With respect to a secret stipulation, a loan cannot be made without an act of the legillature : but if the executive were adequate to it, we have had an instance of an injun&tion of secrecy on the members of the Senate, on an important subject, which one of the members thought himself warranted in publishing in the newspaper; and of frequent instances of fecrets, which have otherwise escaped: secrecy, in this instance, might therefore be considered, if the measure was in itself admissible, as being im. practicable. General Marshall observed, that we had considered the subject with great solicitude, and were decidedly of opinion, that we could not, under any form, make a loan which could be used during the war; that we could not tell what our government would do, if on the spot; but were perfectly clear, that, without additional orders, we could not do what France requested. Mr. Gerry observed, that the government and nation of the United States, as well as ourselves, were earnestly solicitous to restore friendship between the two republics ; that, as General Marshall kad stated, we could not say what our government would do, if on the spot; but if this proposition met the wishes of the government of France, General Marshall and himself had agreed immediately to embark for the United States, and lay before our government the existing state of things here, as it respected our nation, to enable them to determine whether any, and what other measures on their part were necessary. M. Talleyrand made no observations on this proposition ; but inquired whether we expected soon to receive orders. Mr. Gerry mentioned an answer he had received to a letter sent by him in November; and General Marshall slated, that our first dispatches were sent on board two vessels at Amsterdam, on the 20th of November; from which M. Talleyrand could form as just an idea as we could, when an answer might be expected: but he did not think it probable one would arrive before a month to come. General Marshall told him, we knew that our governinent had not received our dispatches on the 8th of January, and we could not tell when they might be received. He asked whether our intelligence came through England. General Marshall answered, that it did not ; and General Pinckney said, that American papers as late as the 8th of January mentioned the fac?.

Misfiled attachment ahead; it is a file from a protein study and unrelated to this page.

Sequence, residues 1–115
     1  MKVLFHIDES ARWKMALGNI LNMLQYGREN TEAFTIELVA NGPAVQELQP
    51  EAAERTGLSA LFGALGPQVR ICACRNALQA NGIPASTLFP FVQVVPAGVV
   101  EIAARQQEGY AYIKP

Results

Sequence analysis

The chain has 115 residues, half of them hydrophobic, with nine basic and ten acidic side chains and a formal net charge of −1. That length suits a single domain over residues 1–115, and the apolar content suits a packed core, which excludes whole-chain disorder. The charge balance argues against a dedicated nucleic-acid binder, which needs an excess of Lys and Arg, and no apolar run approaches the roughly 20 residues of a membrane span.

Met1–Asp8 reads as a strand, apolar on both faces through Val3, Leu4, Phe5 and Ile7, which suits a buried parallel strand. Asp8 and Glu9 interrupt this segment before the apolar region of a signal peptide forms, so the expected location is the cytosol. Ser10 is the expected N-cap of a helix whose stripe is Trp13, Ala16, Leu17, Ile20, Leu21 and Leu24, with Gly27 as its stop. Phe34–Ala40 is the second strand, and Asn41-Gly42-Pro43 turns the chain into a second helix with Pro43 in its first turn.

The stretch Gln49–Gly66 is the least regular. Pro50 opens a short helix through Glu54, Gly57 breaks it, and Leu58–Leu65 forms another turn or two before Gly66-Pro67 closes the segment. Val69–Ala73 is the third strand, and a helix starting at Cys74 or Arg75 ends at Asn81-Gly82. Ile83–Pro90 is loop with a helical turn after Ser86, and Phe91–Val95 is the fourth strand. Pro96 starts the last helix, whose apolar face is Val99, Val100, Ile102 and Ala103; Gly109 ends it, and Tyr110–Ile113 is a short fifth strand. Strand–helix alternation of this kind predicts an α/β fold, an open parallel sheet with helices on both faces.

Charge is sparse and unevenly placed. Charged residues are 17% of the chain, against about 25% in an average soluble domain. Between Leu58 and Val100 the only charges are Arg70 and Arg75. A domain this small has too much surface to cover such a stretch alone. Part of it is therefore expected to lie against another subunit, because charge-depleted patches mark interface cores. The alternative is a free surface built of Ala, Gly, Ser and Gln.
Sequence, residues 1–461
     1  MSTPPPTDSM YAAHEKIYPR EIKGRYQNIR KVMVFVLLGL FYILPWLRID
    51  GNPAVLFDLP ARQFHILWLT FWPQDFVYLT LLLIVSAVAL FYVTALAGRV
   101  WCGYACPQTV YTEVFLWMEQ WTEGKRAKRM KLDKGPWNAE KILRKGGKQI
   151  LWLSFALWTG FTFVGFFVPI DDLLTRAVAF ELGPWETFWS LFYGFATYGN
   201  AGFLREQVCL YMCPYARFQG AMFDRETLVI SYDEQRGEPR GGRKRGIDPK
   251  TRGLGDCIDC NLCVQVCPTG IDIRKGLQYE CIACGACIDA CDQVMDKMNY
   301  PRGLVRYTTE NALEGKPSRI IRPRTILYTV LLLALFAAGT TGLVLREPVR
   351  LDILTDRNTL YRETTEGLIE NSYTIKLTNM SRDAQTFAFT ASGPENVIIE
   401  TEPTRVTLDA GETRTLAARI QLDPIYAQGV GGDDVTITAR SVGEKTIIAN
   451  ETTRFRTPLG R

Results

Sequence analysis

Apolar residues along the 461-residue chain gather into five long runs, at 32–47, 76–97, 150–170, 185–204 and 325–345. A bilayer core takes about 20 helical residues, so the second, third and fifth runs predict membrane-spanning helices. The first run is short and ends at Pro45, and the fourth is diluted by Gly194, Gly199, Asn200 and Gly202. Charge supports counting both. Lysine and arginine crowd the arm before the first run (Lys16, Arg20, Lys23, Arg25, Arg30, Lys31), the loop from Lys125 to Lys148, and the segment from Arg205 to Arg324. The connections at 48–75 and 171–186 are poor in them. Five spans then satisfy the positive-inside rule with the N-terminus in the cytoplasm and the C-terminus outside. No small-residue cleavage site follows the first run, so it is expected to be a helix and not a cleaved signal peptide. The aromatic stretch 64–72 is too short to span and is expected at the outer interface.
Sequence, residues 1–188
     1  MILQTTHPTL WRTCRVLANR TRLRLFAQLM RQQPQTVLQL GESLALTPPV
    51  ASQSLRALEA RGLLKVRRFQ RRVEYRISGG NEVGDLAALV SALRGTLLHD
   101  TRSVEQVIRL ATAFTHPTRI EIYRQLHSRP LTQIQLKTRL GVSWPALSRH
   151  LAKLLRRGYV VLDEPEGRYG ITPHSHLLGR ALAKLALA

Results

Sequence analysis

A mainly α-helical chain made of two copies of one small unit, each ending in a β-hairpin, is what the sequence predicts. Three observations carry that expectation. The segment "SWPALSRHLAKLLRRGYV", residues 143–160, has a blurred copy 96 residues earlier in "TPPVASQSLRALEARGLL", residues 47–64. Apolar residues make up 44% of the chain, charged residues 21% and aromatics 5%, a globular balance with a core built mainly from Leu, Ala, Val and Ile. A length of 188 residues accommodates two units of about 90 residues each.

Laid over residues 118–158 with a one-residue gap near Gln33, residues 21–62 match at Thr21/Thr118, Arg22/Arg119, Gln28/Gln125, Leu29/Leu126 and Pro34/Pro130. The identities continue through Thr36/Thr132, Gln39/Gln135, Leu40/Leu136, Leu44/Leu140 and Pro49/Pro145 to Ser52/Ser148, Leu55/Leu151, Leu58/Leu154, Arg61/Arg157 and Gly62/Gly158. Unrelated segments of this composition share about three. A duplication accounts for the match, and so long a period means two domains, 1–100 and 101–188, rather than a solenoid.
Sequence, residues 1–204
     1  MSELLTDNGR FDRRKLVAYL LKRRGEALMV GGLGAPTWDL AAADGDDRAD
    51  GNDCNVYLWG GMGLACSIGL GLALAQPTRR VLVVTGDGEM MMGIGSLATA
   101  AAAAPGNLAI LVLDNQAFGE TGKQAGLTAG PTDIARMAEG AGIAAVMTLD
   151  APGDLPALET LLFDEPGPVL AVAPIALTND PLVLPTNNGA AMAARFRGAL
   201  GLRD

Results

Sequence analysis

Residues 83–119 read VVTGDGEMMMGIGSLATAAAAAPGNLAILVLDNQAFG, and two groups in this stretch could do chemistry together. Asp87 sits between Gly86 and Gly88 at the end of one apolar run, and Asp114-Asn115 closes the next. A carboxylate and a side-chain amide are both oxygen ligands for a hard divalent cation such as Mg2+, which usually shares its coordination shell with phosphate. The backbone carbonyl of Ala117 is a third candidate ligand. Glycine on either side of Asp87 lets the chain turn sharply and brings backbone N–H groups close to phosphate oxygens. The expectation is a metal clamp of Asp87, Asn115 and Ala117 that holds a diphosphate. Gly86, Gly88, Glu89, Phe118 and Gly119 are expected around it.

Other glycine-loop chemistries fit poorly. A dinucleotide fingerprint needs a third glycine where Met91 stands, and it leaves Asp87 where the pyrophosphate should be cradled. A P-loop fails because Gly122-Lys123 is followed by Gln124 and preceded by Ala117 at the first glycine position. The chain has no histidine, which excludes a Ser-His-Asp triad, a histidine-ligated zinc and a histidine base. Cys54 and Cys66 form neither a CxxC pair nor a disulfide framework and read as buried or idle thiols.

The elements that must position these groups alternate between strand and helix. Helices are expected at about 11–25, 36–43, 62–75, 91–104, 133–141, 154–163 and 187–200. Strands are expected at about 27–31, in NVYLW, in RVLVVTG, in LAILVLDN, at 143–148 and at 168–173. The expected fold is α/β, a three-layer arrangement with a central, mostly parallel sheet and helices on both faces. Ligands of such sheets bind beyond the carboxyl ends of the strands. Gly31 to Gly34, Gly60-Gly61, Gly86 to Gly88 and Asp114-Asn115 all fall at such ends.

There was some converfation about the time when these instructions might be expected; and General Marshall suggested a doubt whether our government might give any instructions. He asked, with some surprile, whether we had not written for instructions? And we answered, that we had not: and Mr. Gerry said that we had stated facts to our government, and conceived that nothing more was necessary. General Pinckney observed, that the government knowing the facts would do what was proper; and that our applying or not applying for inftructions would
not not after their conduet. M. Talleyrand then inquired whether we had not sent any one to the United States. General Pinckney faid, No: and Mr. Gerry added, that soon after our arrival we had made propositions to send one of our number, which were not accepted. And General Marshall further added, that those who had communicated with us, had told us we should be ordered out of France immediately; and we had supposed that we should be ordered out before our letiers could reach the government. Mr. Gerry then observed, that the government of France must judge for itself; but that it appeared to him, that a treaty on liberal principles, such as those on which the treaty of commerce be. tween the two nations was first established, would be infinitely more advantageous to France than the trifling advantages the could derive from a loan. Such a treaty would produce a friendship and attachment, on the part of the United States to France, , which would be folid and permanent, and produce benefits far fuperior to those of a loan, if we had powers to make it. To this observation M. Talleyrand made no reply. We parted without any sentiment delivered by the minister on the subject of our going home to consult our government.